But even for those individuals, early education was important! 

There was a teacher, or some other mentor in the early grades, who left a profound impression on them. It motivated them to go on and develop expertise in their fields in traditional or non-traditional ways.

Other than this spark of inspiration that allowed this curiosity or inquiry-based learning to flourish, developing the fundamentals of early literacy and numeracy was also important.

These foundational skills served as building blocks, enabling individuals to innovate, generate ideas, and execute them with confidence.

Considering this, it is disheartening to acknowledge that many young students are deprived of a high-quality early education. This deprivation denies them even a glimpse of inspiration and the essential learning skills they deserve.


Ideal Scenario

If the accessibility and quality of early learning programs improve, as stated in reasons 1 and 2, it should automatically make a difference in providing the right type of education to young students who need it most.

By addressing the issue of excessive reliance on standardized assessments and acknowledging the impact of implicit bias in early learning, we can significantly enhance educational equity.To understand how these two things affect equity, check out this article.

Sprig has devised several strategies to combat these challenges. One notable approach is the implementation of holistic assessments, which consider diverse learning perspectives and maintain longitudinal data tracking to foster accountability.


4) Evidence-based early literacy instruction can be introduced as early as pre-K.

There is a rise of evidence-based early literacy instruction being mandated in teacher training programs and in school curriculums. This wave of evidence-based early literacy is affecting educators and students in all grades, including pre-K!

Studies have shown that children who receive evidence-based early literacy instruction in pre-K exhibit higher levels of phonological awareness, vocabulary development, and reading readiness compared to their peers who did not receive such instruction.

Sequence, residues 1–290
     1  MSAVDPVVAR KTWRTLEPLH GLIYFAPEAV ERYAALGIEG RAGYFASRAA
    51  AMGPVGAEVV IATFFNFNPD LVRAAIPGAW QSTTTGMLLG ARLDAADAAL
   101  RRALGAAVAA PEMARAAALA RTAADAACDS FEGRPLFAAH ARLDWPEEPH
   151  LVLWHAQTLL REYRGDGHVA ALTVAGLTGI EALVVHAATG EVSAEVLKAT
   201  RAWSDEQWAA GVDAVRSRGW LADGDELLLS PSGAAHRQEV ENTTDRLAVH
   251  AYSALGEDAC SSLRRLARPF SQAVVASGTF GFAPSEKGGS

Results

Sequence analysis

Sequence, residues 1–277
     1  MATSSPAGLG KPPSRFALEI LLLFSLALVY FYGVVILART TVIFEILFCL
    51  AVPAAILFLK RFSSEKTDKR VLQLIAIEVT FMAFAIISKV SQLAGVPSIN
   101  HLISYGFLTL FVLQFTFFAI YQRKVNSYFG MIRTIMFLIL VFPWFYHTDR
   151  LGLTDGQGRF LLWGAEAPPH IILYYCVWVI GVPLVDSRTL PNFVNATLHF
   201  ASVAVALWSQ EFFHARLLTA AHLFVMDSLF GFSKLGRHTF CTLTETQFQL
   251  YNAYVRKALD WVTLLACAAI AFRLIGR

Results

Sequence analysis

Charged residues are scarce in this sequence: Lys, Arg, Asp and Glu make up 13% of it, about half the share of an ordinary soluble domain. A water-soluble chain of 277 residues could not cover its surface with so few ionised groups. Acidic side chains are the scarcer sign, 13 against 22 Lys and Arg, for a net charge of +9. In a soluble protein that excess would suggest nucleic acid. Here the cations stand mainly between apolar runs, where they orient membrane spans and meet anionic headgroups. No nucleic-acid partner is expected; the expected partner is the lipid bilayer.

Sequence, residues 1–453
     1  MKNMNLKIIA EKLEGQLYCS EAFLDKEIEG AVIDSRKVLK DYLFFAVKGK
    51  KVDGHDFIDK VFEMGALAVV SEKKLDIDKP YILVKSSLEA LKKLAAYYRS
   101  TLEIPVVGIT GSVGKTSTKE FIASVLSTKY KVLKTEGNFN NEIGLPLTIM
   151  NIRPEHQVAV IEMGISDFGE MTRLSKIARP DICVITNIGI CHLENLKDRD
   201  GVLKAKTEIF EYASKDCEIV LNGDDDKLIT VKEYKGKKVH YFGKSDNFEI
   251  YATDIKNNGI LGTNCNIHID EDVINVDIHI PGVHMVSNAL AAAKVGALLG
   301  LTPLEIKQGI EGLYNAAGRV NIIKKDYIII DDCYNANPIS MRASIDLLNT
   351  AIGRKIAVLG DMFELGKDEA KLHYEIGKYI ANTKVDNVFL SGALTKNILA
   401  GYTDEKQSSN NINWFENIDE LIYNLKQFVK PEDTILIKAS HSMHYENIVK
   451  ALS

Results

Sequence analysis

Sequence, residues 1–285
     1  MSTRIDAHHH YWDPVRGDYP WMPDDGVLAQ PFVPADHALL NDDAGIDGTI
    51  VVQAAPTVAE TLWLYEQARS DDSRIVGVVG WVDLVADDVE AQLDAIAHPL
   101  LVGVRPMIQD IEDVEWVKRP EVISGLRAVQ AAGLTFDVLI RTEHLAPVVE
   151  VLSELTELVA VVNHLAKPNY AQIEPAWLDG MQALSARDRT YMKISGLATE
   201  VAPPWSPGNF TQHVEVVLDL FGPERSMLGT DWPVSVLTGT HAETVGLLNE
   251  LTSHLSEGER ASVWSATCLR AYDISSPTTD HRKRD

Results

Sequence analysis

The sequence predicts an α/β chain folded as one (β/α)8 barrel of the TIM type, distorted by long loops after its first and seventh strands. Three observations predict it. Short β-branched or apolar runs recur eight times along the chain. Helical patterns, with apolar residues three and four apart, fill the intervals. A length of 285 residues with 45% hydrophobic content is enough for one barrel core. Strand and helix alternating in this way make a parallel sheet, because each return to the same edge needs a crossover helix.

This early exposure to literacy skills not only enhances their reading and writing abilities but also cultivates a lifelong love for learning and literature. 

It’s not just that there is a link between early learning and academic achievement in the later grades, but the fact that concentrated effort earlier on can prevent excessive learning loss and avoid costly and ineffective interventions. 

Early interventions are important, but the best approach is to provide students with very strong core tier 1 instruction from the beginning. 

By opting for an evidence-based approach to instruction that focuses on foundational skills that have been proven to lead to reading success, all students receive the support they need. This reduces the need for later interventions and sets them up for long-term academic achievement.


Ideal Scenario

School districts collaborate closely with preschools in their areas to ensure that preschoolers receive developmentally appropriate and research-based instruction. Such collaboration can be in the form of joint professional development, lending resources or sharing tools.

It makes for a much smoother transition from preschool to kindergarten when the kids have taken part in early literacy activities such as shared reading and have been exposed to concepts such as alphabets and letter sounds.

To create an ideal evidence-based early childhood classroom, there is a considerable amount of work to be done. The University of Central Florida has developed a professional development tool that serves as an observation guide to ensure correct implementation.

As such, preschool organizations require all the assistance they can get to ensure alignment with research and create optimal learning environments. It helps when another organization also focusing on early learning, such as an elementary school, who has undertaken similar evidence-based PD can impart this knowledge and practice to the preschools.


Moonshot: Taking Early Childhood Education Where it Needs to Be

Taking Educational Equity Where it Needs to be

​​Sprig Learning wants to ensure every child has a fair shot at success. Starting early is so important to achieving this aspiration!

This article hopes to make it clear why ECE should be prioritized– demonstrating a need for it in the market, its connection to student success, its ties to educational equity, and the opportunity that exists at the present to apply evidence-based learning to the totality of a school system, starting from pre-K!

To join us and discuss ideas on how, together, we can raise the bar of early childhood education, please get in touch with our team.